The attack of modern marine artillery upon strong land forts presented an interesting as well as a terrifying spectacle. At times the forts were completely enveloped in smoke. At 2 o’clock the Allies changed their tactics and concentrated their fire upon individual batteries, but it was evident that they found difficulty in getting the range. Many of the shells fell short, casting up pillars of water, or went over the forts to explode in the town.
At 3:15, when the bombardment was at its hottest, the French battleship Bouvet was seen to be sinking at the stern. A moment later her bows swung clear of the water, and she was seen going down. Cheers from the Turkish garrisons and forts greeted this sight. Torpedo boats and other craft of the Allies hurried to the rescue, but they were successful in saving only a few men. Besides having been struck by a mine, the Bouvet was severely damaged above the water line by shell fire. One projectile struck her forward deck. A mast also was shot away and hung overboard. It could be seen that the Bouvet when she sank was endeavoring to gain the mouth of the strait. This, however, was difficult, owing, apparently, to the fact that her machinery had been damaged.
Shortly after the sinking of the Bouvet a British ship was struck on the deck squarely amidship and compelled to withdraw from the fight. Then another British vessel was badly damaged, and at 3:45 was seen to retire under a terrific fire from the Turkish battery. This vessel ran in toward the shore. For a full hour the Allies tried to protect her with their guns, but it was apparent that she was destined for destruction. Eight effective hits showed the hopelessness of the situation for this vessel. She then withdrew toward the mouth of the Dardanelles, which she reached in a few minutes under a hail of shells. The forts continued firing until the Allies were out of range.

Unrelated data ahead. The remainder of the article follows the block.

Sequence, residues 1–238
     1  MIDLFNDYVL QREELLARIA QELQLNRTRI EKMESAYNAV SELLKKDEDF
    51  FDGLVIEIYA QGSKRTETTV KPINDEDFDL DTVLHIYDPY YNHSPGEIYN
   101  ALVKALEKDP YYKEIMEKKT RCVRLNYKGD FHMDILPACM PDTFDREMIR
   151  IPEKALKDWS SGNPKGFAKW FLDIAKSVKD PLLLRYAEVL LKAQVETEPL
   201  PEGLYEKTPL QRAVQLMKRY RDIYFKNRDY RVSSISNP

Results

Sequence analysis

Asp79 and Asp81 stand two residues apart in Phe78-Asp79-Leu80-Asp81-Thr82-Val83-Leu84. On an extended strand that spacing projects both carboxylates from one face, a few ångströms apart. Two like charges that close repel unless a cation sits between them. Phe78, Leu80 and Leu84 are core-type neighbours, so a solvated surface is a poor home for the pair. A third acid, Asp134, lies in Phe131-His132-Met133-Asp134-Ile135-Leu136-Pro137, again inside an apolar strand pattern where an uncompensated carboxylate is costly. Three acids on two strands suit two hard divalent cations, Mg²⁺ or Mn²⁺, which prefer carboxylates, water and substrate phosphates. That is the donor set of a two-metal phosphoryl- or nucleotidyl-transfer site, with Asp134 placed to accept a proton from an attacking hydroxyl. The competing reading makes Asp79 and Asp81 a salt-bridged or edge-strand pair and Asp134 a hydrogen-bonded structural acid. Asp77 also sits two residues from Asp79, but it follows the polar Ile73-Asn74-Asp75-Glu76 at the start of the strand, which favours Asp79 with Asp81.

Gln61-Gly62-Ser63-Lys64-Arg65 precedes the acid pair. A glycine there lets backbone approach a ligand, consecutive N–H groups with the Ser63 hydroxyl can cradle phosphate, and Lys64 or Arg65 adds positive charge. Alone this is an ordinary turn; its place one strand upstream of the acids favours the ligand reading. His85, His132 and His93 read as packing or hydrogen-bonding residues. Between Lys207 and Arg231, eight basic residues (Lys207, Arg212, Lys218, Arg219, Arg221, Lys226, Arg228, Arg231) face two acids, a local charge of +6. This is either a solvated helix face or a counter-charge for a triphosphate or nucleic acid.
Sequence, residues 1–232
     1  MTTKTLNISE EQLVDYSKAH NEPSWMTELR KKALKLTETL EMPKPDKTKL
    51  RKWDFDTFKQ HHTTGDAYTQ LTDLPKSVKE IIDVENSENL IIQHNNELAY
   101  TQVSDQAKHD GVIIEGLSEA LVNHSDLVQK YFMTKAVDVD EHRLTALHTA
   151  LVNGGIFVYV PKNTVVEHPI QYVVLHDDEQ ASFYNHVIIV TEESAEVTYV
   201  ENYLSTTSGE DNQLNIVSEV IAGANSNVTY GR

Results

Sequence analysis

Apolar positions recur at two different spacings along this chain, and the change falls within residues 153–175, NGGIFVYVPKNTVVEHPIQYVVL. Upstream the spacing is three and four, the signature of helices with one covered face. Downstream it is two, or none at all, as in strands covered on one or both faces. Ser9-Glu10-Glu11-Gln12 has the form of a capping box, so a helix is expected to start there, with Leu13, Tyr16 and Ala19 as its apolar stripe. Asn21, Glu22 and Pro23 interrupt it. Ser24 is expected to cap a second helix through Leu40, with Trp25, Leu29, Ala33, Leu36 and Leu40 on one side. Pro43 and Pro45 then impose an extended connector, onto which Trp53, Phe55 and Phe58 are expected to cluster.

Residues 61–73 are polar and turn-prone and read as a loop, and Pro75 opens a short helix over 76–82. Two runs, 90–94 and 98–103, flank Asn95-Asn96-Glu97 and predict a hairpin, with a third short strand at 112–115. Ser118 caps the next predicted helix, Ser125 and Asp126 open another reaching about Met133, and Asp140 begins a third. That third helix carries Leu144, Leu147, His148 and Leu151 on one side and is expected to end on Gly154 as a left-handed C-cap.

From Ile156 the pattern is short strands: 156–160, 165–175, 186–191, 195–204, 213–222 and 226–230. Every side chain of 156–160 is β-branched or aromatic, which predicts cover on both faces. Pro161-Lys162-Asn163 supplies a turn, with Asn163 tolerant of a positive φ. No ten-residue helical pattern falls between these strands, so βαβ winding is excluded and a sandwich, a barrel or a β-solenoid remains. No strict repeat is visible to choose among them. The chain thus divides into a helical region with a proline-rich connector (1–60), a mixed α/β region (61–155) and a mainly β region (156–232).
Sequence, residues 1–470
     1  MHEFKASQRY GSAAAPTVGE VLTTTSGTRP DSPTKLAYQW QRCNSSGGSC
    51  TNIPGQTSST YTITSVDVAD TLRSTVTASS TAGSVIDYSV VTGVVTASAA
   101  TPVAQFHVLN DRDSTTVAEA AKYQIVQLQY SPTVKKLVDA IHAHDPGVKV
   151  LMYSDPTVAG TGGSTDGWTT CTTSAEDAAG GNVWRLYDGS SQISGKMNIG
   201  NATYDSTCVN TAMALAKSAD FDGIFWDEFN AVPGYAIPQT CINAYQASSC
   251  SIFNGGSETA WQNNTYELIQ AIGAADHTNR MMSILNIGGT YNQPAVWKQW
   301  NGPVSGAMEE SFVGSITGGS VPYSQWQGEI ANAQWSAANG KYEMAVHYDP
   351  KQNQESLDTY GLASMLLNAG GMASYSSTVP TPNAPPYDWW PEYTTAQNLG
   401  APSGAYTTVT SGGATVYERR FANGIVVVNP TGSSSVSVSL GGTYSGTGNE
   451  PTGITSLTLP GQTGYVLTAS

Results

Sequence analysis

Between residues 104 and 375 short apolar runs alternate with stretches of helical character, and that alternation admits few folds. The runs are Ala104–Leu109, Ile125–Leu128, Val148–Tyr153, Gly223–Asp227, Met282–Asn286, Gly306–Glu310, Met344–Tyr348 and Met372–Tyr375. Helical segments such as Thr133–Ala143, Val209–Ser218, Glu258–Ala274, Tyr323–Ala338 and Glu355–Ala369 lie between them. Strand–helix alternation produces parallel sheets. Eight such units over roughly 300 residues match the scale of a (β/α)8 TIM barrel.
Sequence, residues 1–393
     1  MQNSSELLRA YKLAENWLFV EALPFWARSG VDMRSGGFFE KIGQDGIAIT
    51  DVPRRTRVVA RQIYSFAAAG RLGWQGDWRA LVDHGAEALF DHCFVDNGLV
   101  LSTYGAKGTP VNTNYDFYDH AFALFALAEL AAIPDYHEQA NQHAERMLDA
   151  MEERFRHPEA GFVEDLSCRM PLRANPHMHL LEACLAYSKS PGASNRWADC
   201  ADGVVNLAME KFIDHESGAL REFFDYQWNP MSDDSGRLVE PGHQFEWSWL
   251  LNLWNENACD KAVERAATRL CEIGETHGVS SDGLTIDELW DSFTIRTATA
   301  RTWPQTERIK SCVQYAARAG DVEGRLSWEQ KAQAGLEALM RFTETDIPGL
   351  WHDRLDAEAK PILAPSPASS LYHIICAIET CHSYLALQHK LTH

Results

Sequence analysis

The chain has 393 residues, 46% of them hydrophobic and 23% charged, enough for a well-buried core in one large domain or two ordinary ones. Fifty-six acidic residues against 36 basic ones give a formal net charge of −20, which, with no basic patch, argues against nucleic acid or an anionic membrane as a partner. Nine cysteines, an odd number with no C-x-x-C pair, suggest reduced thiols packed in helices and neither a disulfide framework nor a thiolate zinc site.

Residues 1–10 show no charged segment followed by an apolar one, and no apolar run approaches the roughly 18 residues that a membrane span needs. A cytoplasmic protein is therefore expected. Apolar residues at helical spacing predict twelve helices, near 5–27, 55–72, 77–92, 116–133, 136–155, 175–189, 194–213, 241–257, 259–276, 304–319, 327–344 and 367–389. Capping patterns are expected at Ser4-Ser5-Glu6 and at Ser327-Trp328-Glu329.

This was the first day when the warships attacking the Dardanelles kept within range of the Turkish guns for any considerable length of time. The result for them was terrible, owing to the excellent marksmanship from the Turkish batteries. The Allies fired on this day 2,000 shells without silencing one shore battery. The result has inspired the Turks with confidence, and they are looking forward to further engagements with calm assurance.
The London Times naval correspondent writes, in its issue of March 20:
The further attack upon the inner forts at the Dardanelles, which was resumed by the allied squadrons on Thursday, has resulted, unfortunately, but not altogether unexpectedly, in some loss of ships and gallant lives.
The clear and candid dispatch in which the operations are described attributes the loss of the ships to floating mines, which were probably released to drift down with the current in such large numbers that the usual method of evading these machines was unavailable. This danger, it is said, will require special treatment. Presumably the area having been swept clear of anchored mines, it was not considered necessary to take other precautions than such as were concerned with the movement of the battleships themselves.